As a result the cube will consist of 8 vertices and 10 triangles (2 triangles from the base of the cube can be discarded - they have no effect).

For the shadows to be semi-transparent, but at the same time where shadows touch, there should be no layering; you should draw all the shadows with alpha one on the surface. And the surface should be drawn with the desired alpha. Also you can blur the surface with a gaussian blur shader to reduce the imperfection of the polygonal shadows.

Z-sorting and elevation map

Our game is two dimensional (except for the windmill blades - using sprite animation in that case would be extremely difficult due to the large size of each frame, so we had to use a 3d model), but the characters should be able to appear both in front of and behind the buildings. In simple cases this is solved somehow like this:

depth = -y; 
A standard way in Game Maker for automatic sorting by depth has been considered obsolete for several years due to the introduction of a layer system in the engine. But it still works…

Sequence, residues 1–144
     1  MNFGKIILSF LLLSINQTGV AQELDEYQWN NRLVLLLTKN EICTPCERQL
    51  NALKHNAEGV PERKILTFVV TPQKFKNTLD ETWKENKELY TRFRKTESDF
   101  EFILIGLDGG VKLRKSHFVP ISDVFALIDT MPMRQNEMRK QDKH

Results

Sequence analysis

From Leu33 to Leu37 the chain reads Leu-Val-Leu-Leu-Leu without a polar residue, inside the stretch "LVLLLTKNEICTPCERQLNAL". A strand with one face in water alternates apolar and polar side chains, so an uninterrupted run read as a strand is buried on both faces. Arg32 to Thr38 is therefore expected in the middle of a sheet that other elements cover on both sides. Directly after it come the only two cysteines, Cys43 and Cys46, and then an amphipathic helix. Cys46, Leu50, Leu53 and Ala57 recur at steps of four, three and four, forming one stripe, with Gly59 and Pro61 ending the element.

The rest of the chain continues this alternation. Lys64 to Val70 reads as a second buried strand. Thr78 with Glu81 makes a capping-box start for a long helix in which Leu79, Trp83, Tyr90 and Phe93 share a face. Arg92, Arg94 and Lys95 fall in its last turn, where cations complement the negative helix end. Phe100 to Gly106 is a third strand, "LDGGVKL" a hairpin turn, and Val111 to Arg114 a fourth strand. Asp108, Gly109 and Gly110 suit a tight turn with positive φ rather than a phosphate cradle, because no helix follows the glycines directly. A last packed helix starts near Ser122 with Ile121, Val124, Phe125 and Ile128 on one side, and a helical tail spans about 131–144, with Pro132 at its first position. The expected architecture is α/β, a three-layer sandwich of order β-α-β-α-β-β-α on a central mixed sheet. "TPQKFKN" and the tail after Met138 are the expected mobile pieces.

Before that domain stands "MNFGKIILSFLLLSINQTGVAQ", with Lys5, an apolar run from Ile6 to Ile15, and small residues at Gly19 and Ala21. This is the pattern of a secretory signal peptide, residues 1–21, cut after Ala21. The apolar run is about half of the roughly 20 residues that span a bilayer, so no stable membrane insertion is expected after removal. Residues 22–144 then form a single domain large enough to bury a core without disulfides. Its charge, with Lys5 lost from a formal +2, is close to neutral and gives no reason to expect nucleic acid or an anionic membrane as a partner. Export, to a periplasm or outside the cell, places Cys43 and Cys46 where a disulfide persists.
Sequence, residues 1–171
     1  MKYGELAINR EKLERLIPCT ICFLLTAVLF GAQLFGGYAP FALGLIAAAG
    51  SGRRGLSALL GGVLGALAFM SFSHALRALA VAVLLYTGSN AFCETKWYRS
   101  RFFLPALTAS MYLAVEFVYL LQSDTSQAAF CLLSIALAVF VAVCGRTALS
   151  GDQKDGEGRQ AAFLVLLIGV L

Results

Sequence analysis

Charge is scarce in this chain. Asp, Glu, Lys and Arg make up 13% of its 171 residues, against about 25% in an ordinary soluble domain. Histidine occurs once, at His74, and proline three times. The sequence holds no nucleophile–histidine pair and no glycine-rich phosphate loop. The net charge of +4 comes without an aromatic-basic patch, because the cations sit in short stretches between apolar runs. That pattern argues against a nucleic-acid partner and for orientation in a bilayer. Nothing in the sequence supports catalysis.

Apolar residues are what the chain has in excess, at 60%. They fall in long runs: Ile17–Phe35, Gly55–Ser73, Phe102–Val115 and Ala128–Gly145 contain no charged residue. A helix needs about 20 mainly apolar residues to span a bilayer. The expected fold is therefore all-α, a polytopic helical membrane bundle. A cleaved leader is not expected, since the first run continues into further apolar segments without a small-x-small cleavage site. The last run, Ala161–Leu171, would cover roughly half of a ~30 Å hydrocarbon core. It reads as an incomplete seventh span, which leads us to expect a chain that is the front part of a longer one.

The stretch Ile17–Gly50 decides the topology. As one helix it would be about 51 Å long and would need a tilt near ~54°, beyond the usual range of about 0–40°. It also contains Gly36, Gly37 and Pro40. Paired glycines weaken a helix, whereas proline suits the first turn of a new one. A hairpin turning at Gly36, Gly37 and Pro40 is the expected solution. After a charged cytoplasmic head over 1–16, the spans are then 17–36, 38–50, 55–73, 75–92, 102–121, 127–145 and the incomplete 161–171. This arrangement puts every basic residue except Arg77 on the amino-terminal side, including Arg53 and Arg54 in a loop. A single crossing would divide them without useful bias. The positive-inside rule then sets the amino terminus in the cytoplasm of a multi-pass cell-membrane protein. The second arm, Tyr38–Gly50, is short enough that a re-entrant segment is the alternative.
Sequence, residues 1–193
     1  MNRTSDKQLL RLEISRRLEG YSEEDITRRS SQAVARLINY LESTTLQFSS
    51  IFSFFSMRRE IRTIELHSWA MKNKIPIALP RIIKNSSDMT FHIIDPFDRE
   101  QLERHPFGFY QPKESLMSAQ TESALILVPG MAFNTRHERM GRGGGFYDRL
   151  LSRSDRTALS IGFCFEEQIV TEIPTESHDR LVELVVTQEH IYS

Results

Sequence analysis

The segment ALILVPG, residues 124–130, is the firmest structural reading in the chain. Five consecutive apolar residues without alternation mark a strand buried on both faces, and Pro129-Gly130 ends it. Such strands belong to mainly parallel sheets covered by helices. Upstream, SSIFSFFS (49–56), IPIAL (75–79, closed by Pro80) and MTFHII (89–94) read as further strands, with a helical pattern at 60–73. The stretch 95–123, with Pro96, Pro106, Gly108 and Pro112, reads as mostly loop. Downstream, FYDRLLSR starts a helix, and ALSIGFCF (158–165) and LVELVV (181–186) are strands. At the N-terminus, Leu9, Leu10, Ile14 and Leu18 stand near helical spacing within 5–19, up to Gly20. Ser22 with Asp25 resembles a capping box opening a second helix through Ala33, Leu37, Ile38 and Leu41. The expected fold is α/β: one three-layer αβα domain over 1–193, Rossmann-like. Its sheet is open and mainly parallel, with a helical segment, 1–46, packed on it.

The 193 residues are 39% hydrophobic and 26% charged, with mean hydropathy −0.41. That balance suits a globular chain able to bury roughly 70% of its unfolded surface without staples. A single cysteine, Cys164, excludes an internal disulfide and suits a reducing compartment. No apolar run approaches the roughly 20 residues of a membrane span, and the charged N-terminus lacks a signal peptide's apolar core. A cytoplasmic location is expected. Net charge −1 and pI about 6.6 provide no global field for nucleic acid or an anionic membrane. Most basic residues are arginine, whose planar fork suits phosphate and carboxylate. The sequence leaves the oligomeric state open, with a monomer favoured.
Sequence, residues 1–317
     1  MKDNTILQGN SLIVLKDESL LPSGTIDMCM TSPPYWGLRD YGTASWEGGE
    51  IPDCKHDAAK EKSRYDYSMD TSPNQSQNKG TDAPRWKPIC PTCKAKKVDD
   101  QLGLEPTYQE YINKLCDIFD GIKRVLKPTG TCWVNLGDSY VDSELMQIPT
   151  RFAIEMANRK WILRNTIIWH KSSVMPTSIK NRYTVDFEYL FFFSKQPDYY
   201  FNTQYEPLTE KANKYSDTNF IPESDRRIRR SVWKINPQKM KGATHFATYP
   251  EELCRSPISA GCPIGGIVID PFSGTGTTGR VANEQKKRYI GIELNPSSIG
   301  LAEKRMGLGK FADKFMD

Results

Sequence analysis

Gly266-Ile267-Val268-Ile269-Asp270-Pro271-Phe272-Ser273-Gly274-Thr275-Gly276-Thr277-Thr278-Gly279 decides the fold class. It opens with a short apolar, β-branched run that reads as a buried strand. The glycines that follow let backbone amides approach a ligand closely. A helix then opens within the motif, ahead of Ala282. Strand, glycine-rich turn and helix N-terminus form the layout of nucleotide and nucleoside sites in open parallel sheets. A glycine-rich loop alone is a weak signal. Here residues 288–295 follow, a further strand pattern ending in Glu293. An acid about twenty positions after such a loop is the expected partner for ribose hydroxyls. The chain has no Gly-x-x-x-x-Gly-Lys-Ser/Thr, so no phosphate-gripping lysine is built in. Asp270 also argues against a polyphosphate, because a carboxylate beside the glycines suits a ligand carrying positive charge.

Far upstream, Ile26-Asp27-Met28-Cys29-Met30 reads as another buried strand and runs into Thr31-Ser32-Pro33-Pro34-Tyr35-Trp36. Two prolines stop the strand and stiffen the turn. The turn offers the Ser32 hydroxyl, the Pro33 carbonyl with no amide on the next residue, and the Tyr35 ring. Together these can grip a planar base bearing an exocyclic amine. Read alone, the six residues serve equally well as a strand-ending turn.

However, we need to correctly display the character inside the building as well, which can contain a lot of objects.

The automatic sorting on the GPU with the help of Z-Buffer helps us with this.

For those who don't know – Z-Buffer is a data structure where the depth of each pixel is described by a number from 0.0 to 1.0. If you use color instead of numbers, you get a black and white picture.

A picture from wikipedia

In GMS 2, the depth buffer can be handled with some limitations - it can not be received as a texture, it can not be read and modified in the shaders (by default it is, but there are ways around it). But you can still just use Z-sorting! And that's exactly what we need.

Z-sorting allows you to discard pixels that have more depth (this is the default behavior, but you can change it) than those that are already drawn on the screen (and in the Z-Buffer, respectively).

I.e. if you draw the building in chunks, giving each chunk its depth, and then draw the man (with depth equal to -y), then with Z-sorting, those character pixels that are behind the conditional wall will simply not be drawn and it will turn out that the wall will overlap that man correctly.

But to do this, you need to mark up the building. On top of the sprite, I place quads, where you can set whether this quad will be a vertical wall (in which case the top tops of the quad will have the same depth as the bottom tops) or a horizontal surface (the top and bottom tops of the quad will have different depth, depending on their position in the y axis).